Worth a trip for the David Joneses alone: Journeys with ‘The Waste Land’ reviewed

24 February 2018 9:00 am

To bleak, boarded-up Margate — and a salt-and-vinegar wind that leaves my face looking like Andy Warhol’s botched 1958 nose-peel…

‘Anne Cresacre’, c.1527, by Hans Holbein the Younger

A sumptuous feast of an exhibition: Charles I at the Royal Academy reviewed

27 January 2018 9:00 am

Peter Paul Rubens thought highly of Charles I’s art collection. ‘When it comes to fine pictures by the hands of…

Ronnie Wood’s ‘Wild Horses’ (2005), acrylic on canvas

For Ronnie Wood, every picture tells a story

16 December 2017 9:00 am

I am in Paris for the Rolling Stones’ No Filter concert, in Ronnie Wood’s dressing room minutes before he is…

There’s something about Mary: ‘Madonna of the Rosary’, 1539, by Lorenzo Lotto

The time has come for one of the most fascinating and idiosyncratic Renaissance artists

16 December 2017 9:00 am

Lorenzo Lotto’s portraits — nervous, intense and enigmatic — are among the most memorable to be painted in 16th-century Italy,…

The pure joy of a boring car

2 December 2017 9:00 am

My pal Charlie inherited a car and a ride-on mower from an old pal. He kept the mower and the…

Cover illustration for the magazine Garm 1944, by Tove Jansson

A chance to see the Moomins’ creator for the genius she really was: Tove Janssons reviewed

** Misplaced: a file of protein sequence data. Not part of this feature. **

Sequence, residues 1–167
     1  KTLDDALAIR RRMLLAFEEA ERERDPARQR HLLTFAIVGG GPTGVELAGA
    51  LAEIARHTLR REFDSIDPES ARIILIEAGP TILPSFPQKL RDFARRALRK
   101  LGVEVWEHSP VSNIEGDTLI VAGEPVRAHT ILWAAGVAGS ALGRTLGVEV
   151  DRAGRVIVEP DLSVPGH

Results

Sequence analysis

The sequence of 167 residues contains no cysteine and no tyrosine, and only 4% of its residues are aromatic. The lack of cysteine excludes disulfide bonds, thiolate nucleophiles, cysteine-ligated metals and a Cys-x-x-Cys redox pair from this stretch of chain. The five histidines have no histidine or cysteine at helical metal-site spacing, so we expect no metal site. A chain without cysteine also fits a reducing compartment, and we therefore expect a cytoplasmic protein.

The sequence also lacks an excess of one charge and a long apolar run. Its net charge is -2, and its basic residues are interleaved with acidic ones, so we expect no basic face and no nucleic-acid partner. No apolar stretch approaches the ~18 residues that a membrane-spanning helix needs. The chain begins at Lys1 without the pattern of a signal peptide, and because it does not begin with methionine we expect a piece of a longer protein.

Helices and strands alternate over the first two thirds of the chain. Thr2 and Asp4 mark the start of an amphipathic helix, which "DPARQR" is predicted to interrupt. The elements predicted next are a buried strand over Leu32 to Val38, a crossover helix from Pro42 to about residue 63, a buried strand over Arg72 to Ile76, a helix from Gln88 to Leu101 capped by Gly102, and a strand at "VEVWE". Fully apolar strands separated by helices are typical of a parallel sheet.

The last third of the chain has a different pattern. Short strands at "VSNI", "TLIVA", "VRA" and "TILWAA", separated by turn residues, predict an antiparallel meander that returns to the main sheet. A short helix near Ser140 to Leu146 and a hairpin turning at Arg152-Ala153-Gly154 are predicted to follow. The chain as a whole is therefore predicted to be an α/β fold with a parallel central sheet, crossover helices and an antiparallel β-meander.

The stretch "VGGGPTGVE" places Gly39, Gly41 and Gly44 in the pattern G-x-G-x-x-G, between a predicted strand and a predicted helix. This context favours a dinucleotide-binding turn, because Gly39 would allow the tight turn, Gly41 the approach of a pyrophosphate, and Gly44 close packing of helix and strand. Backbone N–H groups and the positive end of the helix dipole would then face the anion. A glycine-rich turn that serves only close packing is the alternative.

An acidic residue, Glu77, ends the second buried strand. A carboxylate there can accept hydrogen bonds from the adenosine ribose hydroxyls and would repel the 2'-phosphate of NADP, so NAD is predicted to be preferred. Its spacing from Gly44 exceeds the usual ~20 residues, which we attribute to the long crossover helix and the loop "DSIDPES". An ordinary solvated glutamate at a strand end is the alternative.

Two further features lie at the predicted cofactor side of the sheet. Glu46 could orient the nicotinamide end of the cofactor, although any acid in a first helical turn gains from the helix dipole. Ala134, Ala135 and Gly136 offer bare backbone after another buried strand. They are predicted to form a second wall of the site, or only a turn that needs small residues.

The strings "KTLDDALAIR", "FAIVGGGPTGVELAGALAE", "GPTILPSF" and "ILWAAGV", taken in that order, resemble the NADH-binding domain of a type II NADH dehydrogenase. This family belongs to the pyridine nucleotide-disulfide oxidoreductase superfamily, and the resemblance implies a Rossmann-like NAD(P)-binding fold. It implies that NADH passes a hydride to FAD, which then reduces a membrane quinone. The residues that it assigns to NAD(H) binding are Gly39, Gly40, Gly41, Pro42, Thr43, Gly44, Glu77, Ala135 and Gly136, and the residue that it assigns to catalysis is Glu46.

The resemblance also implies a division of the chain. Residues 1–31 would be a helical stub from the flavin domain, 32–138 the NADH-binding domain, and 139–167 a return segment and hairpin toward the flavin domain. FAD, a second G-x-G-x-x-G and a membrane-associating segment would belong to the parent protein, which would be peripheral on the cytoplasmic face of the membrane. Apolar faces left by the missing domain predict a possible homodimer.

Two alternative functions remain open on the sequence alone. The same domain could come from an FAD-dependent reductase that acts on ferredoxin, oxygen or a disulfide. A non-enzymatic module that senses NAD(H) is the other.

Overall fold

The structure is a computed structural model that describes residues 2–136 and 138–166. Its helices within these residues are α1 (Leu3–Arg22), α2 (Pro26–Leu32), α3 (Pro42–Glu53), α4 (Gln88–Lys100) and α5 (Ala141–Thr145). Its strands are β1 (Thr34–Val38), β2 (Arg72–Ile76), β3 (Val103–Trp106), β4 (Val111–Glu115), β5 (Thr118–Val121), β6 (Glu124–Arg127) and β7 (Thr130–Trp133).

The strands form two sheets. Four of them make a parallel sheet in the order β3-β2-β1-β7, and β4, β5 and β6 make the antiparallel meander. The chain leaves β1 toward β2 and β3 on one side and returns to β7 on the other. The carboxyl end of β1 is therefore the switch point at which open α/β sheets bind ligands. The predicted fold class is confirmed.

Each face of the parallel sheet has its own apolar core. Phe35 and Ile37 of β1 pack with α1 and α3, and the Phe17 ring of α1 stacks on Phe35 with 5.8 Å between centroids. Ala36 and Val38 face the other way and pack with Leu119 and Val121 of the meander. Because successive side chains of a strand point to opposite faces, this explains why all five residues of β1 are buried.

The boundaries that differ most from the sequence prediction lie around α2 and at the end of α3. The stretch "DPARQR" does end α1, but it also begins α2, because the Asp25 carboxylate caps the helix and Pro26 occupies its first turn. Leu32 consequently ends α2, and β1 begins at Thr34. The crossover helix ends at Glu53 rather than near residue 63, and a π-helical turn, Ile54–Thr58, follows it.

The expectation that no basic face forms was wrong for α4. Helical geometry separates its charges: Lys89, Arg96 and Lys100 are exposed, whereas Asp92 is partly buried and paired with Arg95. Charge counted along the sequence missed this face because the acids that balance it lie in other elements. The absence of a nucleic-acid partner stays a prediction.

18 November 2017 9:00 am

Tove Jansson, according to her niece’s husband, was a squirt in size and could rarely be persuaded to eat, preferring…

‘Self-Portrait’, 1880–1, by Paul Cézanne

The most impressive array of work to be seen in London in years: Cézanne’s Portraits reviewed

11 November 2017 9:00 am

The critic and painter Adrian Stokes once remarked on how fortunate Cézanne had been to be bald, ‘considering the wonderful…

‘Portrait of a Lady (La Schiavona)’, c.1510-12, by Titian

The advantages of turning down the colour knob: Monochrome reviewed

4 November 2017 9:00 am

Leonardo da Vinci thought sculpting a messy business. The sculptor, he pointed out, has to bang away with a hammer,…

London calling

28 October 2017 9:00 am

Madame Monet was bored. Wouldn’t you have been? Exiled to London in the bad, cold winter of 1870–71. In rented…